Implementing upgrades for Microsoft Dynamics NAV

So you only have to read the through the blog posts relating to Dynamics NAV for the 2013, then the 2013R2 and now the 2015 versions to understand that Microsoft are

  1. Serious in their commitment to release a new version every October
  2. Getting a remarkable amount of new capability in each new release

While we have to applaud the agile development techniques that’s enabling them to do this with quality it does mean that we need to up our implementation cadence to match, something that’s historically been a problem with each one taking such major time and effort.

So the great news is that new upgrade tools in 2015 mean that the upgrade from 2013 takes just a few hours both objects and data. Even when we tried it on a database that had over a thousand customisations to the objects and over five hundred gigabytes of data we completed to the point of end user testing in just two days.

Which means that for clients on the 2013 version or above we can offer a fixed price annual upgrade which depending on the level of customisation will be between just three and five consulting days.

So what happens if your not on that 2013+ platform, well as your probably aware there are no shortcuts to that upgrade. Sure we will advise going directly to 2015 now but especially if your on the classic client we still have the task of converting forms to pages and reports to the new RDL/Word format.

And with mainstream support for NAV 2009 R2 now ending in just a few months on 13/01/15 this upgrade is getting ever more precipitant . Previously as a partner we’ve been able to support versions all the way back to version 3 by doing what’s known as a technical upgrade. This means using for instance, the executables  (i.e. setup.exe etc.)  from the 2009 R2 version with the objects from your old version, to allow it to install on later versions of Windows for example.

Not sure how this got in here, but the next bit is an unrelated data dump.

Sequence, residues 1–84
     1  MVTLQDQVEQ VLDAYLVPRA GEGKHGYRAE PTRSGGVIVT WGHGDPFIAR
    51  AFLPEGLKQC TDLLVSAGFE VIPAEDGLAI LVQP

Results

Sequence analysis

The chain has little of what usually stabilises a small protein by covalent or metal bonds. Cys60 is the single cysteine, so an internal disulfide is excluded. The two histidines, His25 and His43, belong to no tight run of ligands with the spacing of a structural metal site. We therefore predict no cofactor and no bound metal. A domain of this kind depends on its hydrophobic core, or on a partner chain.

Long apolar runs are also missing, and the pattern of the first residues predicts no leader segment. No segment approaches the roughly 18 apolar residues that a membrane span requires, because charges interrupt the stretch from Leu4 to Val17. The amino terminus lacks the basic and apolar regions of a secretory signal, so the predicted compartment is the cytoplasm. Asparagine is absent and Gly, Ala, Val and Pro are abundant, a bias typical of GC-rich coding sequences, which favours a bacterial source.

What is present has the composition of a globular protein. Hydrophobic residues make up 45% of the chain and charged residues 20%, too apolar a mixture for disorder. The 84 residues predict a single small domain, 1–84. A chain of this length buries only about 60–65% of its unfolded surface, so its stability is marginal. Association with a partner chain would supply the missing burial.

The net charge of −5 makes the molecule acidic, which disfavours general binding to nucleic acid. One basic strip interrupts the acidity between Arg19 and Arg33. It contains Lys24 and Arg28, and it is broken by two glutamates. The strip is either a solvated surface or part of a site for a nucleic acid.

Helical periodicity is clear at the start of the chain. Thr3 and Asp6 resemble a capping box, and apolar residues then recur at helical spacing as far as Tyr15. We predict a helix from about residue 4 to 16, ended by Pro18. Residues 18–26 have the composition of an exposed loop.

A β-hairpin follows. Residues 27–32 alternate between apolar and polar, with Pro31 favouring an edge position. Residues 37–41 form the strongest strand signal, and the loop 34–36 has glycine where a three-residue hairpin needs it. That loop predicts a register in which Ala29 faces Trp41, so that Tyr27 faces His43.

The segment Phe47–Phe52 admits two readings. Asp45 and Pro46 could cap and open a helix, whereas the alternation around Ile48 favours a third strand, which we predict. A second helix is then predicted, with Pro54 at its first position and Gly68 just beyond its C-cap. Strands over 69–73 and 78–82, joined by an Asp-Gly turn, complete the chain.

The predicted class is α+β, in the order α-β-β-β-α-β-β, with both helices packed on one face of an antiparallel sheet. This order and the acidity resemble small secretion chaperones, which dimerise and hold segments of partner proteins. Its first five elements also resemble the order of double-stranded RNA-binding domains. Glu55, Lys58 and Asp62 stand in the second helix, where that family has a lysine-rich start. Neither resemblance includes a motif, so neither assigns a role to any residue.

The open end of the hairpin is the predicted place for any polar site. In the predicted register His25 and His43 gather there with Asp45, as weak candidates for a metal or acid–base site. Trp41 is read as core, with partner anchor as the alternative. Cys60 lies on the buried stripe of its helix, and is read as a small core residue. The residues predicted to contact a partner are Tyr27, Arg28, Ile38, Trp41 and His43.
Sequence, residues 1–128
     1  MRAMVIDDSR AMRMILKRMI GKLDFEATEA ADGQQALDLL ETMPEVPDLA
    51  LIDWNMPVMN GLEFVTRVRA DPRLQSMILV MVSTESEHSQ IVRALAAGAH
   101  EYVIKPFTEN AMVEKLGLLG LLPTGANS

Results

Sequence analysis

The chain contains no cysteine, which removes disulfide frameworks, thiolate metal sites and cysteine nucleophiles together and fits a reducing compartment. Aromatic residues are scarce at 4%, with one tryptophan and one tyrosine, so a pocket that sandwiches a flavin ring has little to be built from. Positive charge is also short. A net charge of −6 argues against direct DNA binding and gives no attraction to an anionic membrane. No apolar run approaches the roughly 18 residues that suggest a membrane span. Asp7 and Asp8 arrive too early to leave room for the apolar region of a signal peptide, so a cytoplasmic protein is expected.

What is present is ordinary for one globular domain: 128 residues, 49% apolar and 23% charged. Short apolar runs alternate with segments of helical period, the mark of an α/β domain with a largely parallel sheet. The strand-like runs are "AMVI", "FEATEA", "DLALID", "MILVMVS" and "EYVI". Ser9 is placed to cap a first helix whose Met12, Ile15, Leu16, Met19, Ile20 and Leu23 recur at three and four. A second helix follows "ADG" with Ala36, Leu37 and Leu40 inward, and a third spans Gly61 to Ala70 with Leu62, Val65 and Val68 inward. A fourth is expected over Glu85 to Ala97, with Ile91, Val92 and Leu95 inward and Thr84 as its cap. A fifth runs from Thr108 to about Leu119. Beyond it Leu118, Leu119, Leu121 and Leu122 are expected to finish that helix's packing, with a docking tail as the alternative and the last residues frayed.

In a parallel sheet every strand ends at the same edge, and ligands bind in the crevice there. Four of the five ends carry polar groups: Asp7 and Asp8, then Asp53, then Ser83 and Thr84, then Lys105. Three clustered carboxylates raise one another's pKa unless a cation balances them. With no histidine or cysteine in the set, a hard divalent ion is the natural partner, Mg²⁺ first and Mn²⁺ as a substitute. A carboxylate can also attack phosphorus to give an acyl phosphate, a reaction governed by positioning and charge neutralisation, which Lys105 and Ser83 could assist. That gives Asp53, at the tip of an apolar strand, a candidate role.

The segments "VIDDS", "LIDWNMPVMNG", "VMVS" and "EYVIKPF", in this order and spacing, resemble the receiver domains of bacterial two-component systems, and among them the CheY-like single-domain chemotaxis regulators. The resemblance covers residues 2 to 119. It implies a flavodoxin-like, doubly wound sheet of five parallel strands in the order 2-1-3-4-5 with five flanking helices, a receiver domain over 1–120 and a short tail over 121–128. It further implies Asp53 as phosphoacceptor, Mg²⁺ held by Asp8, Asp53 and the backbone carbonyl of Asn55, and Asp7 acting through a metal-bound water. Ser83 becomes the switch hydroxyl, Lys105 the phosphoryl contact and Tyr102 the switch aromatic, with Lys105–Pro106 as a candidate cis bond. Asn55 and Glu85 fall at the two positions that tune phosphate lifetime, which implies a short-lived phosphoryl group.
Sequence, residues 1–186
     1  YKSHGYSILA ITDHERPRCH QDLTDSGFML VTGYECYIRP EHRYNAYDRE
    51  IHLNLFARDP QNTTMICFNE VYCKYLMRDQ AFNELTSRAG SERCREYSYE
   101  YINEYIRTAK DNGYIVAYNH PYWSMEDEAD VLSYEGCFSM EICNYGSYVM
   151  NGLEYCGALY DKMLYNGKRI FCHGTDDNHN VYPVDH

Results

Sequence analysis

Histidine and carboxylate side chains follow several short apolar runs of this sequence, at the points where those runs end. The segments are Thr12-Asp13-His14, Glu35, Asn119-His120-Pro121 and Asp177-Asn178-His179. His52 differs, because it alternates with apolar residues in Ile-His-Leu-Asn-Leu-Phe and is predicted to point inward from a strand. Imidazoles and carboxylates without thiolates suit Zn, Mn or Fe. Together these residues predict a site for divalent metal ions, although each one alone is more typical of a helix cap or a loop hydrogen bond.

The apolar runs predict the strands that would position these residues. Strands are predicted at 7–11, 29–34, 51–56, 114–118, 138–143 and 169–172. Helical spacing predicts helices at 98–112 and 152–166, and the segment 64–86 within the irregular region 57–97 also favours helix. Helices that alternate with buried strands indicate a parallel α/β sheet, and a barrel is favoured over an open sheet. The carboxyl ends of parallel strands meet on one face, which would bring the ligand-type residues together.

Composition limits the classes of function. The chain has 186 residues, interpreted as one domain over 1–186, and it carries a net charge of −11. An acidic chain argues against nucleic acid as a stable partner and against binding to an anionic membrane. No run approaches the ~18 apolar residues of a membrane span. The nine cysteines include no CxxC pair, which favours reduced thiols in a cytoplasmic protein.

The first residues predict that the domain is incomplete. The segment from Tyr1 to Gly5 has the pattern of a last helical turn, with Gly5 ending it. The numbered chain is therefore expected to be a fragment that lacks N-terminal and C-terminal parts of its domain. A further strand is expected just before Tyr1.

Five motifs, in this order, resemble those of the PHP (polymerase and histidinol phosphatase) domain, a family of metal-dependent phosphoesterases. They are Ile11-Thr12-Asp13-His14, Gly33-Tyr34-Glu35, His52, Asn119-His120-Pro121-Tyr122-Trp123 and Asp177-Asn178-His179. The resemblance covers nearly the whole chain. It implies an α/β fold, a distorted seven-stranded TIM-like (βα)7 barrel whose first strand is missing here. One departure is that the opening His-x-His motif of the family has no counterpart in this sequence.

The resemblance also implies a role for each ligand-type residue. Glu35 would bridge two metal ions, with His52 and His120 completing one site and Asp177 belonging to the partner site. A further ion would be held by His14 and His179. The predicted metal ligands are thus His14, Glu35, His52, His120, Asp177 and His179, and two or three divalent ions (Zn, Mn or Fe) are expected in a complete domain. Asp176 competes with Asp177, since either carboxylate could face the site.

As 2009 R2 was the last version with a classic client,  the end of mainstream support means there will be no more releases of the classic client to do technical upgrades to. This means as soon as a windows component such as windows itself, internet explorer, the .net libraries or office are upgraded and 2009 R2 breaks, we will be unable to give you a new executable set for NAV that fixes it. In a word of increasing security issues that may mean that you are exposed to a vulnerability that you can’t close.

Technology Management will continue to provide the assistance it can for these older versions and its a case of if its working now, there is no reason it will suddenly stop. What you will face however is increasing restrictions in how you can change that in an increasingly complex IT centric world, will in a couple of years at most, become a real pain.

When you combine this news with the fact that its now proven that once you’ve done this ‘big upgrade’ to the new platform, subsequent ones are much much easier then its something you should seriously plan for. My criteria has always been ‘if I were you would I spend the money knowing what I know’ and this time it’s a definite yes.

Over the next few weeks we will be contacting all our clients on versions prior to 2013 to make sure they are aware of the risks, this is not an immediate panic and were not forcing your hand or timescales but we are not doing our job if we don’t explain the risks you’ll face.

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